Never has a film so needed Tyler Perry in Madea drag or a pot of boiling grits hurled in someone’s face as Tyler Perry’s Temptation — easily the prolific filmmaker’s worst film since Tyler Perry’s Daddy’s Girls (2007). While it’s better than that entry in his filmography, it’s actually less entertaining because — up till the last few scenes — Temptation lacks the fever dream frenzied melodrama of the earlier movie. Temptation is Perry at his most sanctimoniously preachy — something he’s been soft-pedaling in recent years — and also at his most reactionary. This is adapted — pretty loosely, it seems — from a Perry stage play from 2008 called The Marriage Counselor (the online description of which sounds more interesting than the film). Here we’re back to the Perry who advocates the “no-sex-before-marriage, folks” message (what does this say about 43-year-old bachelor Perry?), church-going on a daily basis and a set of strict strictures for wives (including meal cooking and sex three times a week — presumably as separate endeavors). It’s relevant, I suppose, to people who practice these beliefs, but not so much to anyone else.
One of the changes to the play includes slapping a framing story on it with this “true story” being told by the world’s most unethical marriage counselor, who seems to believe counseling involves scaring the client into marital submission along the lines of her own beliefs, rather than the client’s. It will come as no surprise to anyone as to whose story is being told here. Essentially, the spiel is about two Christian innocents — sweethearts since they were 6 — moving from some golden-hued southland to the bedeviled big city which is, in this case, Washington, D.C. (Perry constantly reminds us of this with unnecessary skyline shots.) Wife Judith (Jurnee Smollett-Bell) dreams of the day when she can open her own marriage counseling business (see what I mean about no surprise), but spends her days toiling away at something for online matchmaking entrepreneur Janice (Vanessa Williams with a really bad French accent, which turns out to be justified). Meanwhile, her husband, the beefy-but-boring Brice (Lance Gross), works as a pharmacist at comic relief Mrs. Chapman’s (Renée Taylor) drugstore. He dreams of owning his own pharmacy, so both husband and wife have aspirations, but his are more reasonable because, well, he’s the man.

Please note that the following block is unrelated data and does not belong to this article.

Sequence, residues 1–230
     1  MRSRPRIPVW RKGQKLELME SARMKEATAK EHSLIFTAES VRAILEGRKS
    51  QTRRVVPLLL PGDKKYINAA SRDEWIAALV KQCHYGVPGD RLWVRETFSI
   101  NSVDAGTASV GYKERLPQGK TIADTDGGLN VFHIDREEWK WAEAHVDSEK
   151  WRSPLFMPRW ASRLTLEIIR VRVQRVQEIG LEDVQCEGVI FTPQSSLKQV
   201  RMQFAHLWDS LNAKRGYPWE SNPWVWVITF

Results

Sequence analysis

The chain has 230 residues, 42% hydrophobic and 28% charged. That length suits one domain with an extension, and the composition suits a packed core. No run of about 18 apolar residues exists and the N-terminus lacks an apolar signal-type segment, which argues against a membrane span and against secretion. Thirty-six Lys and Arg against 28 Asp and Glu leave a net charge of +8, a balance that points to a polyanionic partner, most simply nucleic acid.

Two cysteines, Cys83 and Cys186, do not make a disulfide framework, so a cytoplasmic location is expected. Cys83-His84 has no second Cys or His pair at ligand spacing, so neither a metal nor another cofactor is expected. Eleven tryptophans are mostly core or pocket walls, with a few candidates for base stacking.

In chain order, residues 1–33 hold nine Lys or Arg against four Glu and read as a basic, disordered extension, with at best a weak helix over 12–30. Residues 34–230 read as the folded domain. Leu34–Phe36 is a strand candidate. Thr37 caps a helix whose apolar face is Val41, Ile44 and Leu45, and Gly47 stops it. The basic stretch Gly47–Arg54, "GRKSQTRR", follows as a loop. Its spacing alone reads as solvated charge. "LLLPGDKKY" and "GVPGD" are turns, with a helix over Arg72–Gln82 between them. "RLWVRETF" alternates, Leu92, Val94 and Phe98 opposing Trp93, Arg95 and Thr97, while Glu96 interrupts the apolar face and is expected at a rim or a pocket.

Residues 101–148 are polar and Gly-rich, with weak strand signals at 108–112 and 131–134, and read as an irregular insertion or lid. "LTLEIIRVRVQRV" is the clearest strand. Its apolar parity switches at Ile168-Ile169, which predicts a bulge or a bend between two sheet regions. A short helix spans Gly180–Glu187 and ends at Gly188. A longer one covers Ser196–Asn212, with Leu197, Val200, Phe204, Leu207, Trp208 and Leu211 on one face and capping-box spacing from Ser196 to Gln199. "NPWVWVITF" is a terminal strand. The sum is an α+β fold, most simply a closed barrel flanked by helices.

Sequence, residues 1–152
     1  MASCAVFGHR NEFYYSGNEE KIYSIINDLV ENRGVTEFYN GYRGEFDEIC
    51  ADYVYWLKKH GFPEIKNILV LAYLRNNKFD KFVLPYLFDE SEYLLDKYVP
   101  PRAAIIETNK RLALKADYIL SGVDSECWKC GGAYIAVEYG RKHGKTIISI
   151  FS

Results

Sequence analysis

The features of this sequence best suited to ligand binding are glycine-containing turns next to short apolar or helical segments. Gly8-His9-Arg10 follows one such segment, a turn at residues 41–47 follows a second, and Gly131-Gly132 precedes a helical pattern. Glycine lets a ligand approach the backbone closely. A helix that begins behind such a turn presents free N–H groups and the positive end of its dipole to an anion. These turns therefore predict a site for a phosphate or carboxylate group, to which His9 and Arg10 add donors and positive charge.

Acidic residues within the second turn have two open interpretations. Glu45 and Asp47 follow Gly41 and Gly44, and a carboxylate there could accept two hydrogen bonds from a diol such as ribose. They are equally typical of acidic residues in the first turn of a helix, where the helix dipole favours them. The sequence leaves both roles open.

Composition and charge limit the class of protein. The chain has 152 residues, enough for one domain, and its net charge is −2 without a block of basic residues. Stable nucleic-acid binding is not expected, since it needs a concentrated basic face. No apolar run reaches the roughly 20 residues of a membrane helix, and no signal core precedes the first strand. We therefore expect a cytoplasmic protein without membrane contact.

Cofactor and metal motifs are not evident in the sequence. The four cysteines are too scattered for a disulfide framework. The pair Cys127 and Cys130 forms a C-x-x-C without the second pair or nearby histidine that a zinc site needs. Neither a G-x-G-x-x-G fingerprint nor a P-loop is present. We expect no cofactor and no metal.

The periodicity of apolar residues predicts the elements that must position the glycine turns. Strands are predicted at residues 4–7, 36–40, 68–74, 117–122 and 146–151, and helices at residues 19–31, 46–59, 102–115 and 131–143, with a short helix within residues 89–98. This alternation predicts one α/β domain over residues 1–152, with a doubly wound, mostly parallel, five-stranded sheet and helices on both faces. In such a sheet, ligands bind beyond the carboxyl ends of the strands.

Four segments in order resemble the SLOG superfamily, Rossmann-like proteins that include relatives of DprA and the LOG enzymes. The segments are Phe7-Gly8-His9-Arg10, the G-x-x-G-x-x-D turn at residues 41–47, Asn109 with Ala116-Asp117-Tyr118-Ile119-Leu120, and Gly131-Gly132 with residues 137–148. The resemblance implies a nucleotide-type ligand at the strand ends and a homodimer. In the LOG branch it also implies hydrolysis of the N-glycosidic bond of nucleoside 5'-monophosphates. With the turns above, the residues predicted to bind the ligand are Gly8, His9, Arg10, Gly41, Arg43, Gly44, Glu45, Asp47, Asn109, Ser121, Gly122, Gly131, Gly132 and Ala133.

All this comes apart when Judith gets involved with equally-beefy-but-rich-and-exciting Harley (Robbie Jones). (All desirable males in Perry’s movies tend to have gym-rat bodies that his camera lingers on far more than those of the women — which may or may not be for his primarily female audience.) Of course, no good can come of this because it’s sinful — and Harley is bad news, which you can tell from his first scene. Soon Judith is drinking, doping and hanging out in dens of sin where even homosexual hijinks (of the PG-13 variety) are taking place. The story becomes increasingly dumb before finally erupting into full-blown insanity when a subplot involving a beleagured co-worker (Brandy Norwood) of Brice’s turns out not to be sub-anything. Then it turns into full-tilt Perry insane melodrama, which is, at least, entertaining, though not in the way Perry seems to intend. It’s mostly a tepid tease (that rating keeps its steamy promises at bay). I will say one of the twists made the audience gasp. Why, I don’t know.
For a Perry film (casting has usually been his strong suit), it’s also blandly cast and acted. None of the characters have much spark and the performances are middling at best. The big come-on of casting the talent-challenged Kim Kardashian (you could play solitaire on that woman’s backside while she’s standing up, which I guess is the appeal) is just as annoying and pointless as you might imagine. I used to kvetch about Perry selling the gospel with weed and flatulence jokes. Right now, those seem like the good old days. Rated PG-13 for some violence, sexuality and drug content.
Carolina Cinemas, Epic of Hendersonville, Regal Biltmore Grande, United Artists Beaucatcher